Have you ever wondered how to raise teens who won’t rebel? Is it even possible?
Rebecca here. That’s the question I asked in a blog post three years ago. That blog post, Why I Didn’t Rebel, went viral. And it changed my life.
Now, three years later, I’ve written a book on the subject, and it’s coming to bookstores on October 3rd!
After the response from that blog post, I knew that if I was making this into a book, I had to do it well. It couldn’t just be my story–I wanted to cover a lot more than just that.
So I interviewed over 30 millennials, age 18-27, who did and who did not rebel in their teenage years. Then, coupled with psychology and sociology research, I found some patterns.
But one thing I never expected to find was this: of the kids who rebelled, all but one said that their biggest regret was that they weren’t close to their parents.
Yes, they were sad about the mistakes they made. Some had their hearts broken by sleeping with people who weren’t worthy of them. Some regret years of heavy drinking and experimenting with drugs. But that wasn’t what they regret the most. Instead, it was missing out on the relationship with their parents they feel that they’ll never really have–but might have, if things had been different.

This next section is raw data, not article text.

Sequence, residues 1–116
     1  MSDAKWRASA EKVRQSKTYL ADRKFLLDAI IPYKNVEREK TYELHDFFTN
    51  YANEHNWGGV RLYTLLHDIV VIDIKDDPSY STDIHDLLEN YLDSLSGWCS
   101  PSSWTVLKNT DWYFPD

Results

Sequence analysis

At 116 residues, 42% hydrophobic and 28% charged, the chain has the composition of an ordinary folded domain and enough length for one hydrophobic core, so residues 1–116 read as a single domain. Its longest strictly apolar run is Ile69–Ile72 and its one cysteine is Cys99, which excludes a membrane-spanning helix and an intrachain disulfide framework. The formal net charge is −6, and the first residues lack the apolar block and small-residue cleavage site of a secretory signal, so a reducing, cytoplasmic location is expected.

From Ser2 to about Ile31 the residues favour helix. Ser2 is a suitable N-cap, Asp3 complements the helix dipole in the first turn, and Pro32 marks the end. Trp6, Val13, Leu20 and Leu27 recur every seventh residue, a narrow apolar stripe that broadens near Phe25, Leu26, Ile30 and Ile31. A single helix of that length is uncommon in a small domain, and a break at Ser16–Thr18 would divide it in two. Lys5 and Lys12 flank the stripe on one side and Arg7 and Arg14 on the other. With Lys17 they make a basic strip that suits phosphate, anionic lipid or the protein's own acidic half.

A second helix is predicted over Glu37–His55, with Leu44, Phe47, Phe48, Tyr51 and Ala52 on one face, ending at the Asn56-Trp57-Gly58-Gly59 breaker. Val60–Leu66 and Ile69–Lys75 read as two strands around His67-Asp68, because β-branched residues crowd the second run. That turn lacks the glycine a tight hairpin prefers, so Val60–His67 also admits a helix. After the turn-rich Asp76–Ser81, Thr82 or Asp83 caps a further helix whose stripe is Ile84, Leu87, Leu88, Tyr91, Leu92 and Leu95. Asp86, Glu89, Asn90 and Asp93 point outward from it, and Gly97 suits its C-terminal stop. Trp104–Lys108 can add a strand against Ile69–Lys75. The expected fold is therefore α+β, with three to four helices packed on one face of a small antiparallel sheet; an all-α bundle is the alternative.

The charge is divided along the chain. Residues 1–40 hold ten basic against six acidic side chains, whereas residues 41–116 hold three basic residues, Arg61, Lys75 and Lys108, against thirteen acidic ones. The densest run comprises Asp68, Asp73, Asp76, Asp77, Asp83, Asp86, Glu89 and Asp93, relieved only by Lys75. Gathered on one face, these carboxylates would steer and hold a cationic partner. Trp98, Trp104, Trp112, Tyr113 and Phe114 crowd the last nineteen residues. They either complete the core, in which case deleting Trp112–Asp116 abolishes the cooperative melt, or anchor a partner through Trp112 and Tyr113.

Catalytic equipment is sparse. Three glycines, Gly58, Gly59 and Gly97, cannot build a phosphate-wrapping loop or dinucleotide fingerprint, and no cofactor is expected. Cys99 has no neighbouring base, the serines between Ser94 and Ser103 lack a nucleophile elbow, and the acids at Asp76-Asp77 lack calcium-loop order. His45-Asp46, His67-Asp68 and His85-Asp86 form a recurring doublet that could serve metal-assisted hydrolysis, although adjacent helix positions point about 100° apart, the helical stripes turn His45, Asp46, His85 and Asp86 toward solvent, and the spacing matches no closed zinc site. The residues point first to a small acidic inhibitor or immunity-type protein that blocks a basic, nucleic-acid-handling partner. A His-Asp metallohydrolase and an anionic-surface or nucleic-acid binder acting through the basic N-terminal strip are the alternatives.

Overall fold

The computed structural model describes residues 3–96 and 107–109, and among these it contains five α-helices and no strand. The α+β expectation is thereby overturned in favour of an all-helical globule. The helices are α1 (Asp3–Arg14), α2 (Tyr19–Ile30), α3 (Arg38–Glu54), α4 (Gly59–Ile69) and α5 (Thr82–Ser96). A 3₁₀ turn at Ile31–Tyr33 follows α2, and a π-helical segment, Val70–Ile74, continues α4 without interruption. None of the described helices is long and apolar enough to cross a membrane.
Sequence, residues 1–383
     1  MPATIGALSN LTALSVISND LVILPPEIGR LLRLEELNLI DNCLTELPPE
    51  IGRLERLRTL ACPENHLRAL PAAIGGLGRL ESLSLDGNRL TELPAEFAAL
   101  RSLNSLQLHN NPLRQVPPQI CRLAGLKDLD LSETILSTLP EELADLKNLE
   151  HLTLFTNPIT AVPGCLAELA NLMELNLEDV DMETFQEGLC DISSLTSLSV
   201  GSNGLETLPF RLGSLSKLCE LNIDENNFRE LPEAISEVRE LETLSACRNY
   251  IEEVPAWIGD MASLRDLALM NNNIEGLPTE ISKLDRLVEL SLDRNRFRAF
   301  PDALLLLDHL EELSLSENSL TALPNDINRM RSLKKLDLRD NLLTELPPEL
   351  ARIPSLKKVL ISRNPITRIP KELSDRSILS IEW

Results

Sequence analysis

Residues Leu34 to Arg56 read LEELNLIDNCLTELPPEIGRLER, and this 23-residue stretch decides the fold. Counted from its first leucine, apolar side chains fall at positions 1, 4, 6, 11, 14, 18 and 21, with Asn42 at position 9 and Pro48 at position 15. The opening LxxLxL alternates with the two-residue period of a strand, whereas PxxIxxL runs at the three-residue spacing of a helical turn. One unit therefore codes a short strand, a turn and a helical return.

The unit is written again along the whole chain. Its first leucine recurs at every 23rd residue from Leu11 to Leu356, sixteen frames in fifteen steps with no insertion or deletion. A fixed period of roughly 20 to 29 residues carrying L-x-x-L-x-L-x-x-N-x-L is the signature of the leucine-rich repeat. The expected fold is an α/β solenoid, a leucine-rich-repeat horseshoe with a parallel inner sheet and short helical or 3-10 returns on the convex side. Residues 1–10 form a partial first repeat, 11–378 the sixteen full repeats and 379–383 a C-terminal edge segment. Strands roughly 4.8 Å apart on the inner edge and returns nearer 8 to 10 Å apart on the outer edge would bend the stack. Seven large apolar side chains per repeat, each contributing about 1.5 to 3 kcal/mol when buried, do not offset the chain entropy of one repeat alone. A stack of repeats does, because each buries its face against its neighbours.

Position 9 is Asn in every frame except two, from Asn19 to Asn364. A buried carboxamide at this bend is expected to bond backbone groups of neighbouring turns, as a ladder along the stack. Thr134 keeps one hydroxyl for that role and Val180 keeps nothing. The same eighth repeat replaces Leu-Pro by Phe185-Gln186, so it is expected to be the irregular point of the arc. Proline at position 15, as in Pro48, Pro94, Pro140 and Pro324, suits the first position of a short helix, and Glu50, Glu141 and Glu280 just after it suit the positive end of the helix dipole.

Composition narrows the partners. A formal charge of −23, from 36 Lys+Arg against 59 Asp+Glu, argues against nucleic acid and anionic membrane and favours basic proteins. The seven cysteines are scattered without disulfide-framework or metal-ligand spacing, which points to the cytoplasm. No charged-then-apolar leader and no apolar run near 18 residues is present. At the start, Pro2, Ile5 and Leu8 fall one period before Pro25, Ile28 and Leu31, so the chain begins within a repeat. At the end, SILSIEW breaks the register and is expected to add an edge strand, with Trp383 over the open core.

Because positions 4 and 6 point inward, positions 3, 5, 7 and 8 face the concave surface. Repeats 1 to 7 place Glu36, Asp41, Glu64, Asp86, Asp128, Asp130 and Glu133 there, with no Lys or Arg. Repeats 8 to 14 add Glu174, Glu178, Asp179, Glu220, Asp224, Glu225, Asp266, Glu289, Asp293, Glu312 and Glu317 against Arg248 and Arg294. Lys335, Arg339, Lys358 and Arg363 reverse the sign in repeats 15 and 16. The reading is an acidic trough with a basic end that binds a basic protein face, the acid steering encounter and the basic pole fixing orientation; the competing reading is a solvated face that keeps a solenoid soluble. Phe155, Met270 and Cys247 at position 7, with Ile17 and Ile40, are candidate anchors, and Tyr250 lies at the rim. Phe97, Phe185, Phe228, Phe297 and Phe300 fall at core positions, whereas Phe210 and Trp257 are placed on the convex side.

Kids who didn’t rebel, however, didn’t face this problem.
In fact, all but one young adult who didn’t rebel said that their parents are the first people they call with exciting news, that they can trust their parents with anything, and that their mom or dad is one of their closest friends. And they’re insanely grateful that their parents and them are so close–and that they’ve always been that way.
So what makes these families so different?
Well, I wrote a whole book on it. But in one word: authenticity. Families with kids who didn’t rebel weren’t afraid to just be themselves. Yes, that sounds wishy-washy, but hear me out.
Families with rebellious kids were so scared of rebellion that they focused a great deal of their energy trying to prevent it. But in the midst of all of their rules and punishments and forced family dinners, something happened–they became unapproachable.